Anyone know anything about starting a coop brewery. The question came up and I didn’t know the answer . Looking for enlightenment
I don’t really know. The only coop brewery I know of is Fair State here in Minnesota. It seems to be a bit friendlier than contract brewing, but sort of similar.
There’s one being set up near me. PM me, I can get you in touch with them.
I’m a member of http://www.flyingbike.coop/, not sure how to get one started though
The reason I ask is I’ve had friends buy me equipment or sacks of grain . When I said I can only brew 200 gallons/yr the coop question came up. Can you brew 200 gallons/member. How do clubs do it? That may be a better model.
You need to talk to a lawyer, not a bunch pf homebrewers.
Just starting a conversation to increase my knowledge not planning on starting a business. Why would I talk to an attorney. I’m sure some members are in clubs. By the way what does pf stand for?
Well, a co-op brewery is essentially a fully licensed commercial brewery. So the 200-gallon limit doesn’t apply.
As far as clubs go, I’m not sure I understand the question. It probably varies by state, but here the location where you pitch the yeast is what matters. So a club can get together and make their wort anywhere, it’s just a raw material at that point. When you bring the wort to the location you ferment it, that is where the 200-gallon limit applies. For my club, when we have a big brew day, we bring our wort home and pitch the yeast there. If you were to brew at a commercial brewery, you could pitch your yeast, ferment it there, and the brewery could put it on tap as one of their own beers as it was brewed/fermented under their license on their premises.
I’m just a homebrewer, though, so take this for what it’s worth (which isn’t much).
pf is a typo
The law says 100 gal. per person for up to 2 people in a household. A coop is not a household. As mentioned you’re talking about a commercial brewery in the eyes ofthe law.
Then there’s the Brew On Premises model, which sounds like it’s own headache. Those are places where you show up, brew, pitch yeast, and leave it there until bottling day. As unlikely as I guess it would be to get caught breaking the 100 gallon/person limit, I still wouldn’t chance it. Any chance these guys buying you grain or equipment would be willing to help out and take a fermentor to their place?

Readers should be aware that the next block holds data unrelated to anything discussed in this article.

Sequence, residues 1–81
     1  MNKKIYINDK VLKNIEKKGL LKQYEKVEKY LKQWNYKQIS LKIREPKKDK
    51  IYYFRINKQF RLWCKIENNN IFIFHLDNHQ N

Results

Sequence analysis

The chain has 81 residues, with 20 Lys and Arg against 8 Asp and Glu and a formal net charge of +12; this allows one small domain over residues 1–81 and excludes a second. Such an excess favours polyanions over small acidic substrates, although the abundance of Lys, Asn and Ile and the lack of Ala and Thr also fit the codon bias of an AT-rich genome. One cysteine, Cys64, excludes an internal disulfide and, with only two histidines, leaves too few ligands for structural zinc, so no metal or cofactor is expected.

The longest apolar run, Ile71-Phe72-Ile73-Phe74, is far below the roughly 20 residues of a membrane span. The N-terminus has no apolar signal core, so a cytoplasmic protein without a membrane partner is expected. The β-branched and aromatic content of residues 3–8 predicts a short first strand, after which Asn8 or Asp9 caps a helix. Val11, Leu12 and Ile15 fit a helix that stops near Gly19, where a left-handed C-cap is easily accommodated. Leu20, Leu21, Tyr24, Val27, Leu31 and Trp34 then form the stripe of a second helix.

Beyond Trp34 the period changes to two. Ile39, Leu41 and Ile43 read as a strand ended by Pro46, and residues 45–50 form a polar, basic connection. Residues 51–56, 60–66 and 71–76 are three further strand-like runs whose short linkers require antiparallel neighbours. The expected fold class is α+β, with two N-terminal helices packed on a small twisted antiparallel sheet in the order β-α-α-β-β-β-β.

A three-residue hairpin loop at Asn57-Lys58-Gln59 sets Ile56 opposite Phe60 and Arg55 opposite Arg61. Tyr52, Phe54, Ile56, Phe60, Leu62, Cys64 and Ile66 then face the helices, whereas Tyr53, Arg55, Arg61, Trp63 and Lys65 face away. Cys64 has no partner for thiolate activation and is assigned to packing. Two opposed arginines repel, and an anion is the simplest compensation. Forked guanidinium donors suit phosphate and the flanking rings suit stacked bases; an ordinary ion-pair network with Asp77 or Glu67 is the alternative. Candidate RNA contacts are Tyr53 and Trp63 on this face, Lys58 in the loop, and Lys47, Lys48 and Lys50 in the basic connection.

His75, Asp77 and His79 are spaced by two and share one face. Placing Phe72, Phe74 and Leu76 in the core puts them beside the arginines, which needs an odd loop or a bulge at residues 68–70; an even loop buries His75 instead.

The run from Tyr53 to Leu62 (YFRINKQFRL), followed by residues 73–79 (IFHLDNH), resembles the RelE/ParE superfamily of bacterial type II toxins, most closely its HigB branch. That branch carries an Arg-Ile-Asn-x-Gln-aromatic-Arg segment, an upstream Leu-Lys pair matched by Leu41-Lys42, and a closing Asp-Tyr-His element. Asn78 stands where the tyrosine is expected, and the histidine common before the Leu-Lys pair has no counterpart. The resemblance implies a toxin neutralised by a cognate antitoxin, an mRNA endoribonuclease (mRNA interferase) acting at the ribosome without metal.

I see. We don’t brew anywhere near the limit. A friend has an unused garage and we thought we could set up there and share the equipment but if we would have to bring the fermenters back and forth to our homes it doesn’t make sense.
Very often, laws are put in place as a tool in such case as they are needed. IT is HIGHLY unlikely that anyone is monitoring your brewing and making sure you are not going over 100 gallons per person. The law is there so that if you suddenly start making so much beer that a complaint is lodged against you by somebody who is being negatively impacted by your brewing, there is a law in place that will facilitate legal action against you.
If it’s attached to their residence then you would probably be fine, providing your state’s laws allow the transporting of homebrew. The 200 gallon limit would still apply… In fact, this is probably why the limit was put in place, to discourage people from doing this. If it’s not part of their residence, then it really wouldn’t be considered homebrewing and you would need an appropriate commercial license.
That’s good. Wouldn’t want Carrie Nation showing up with her axe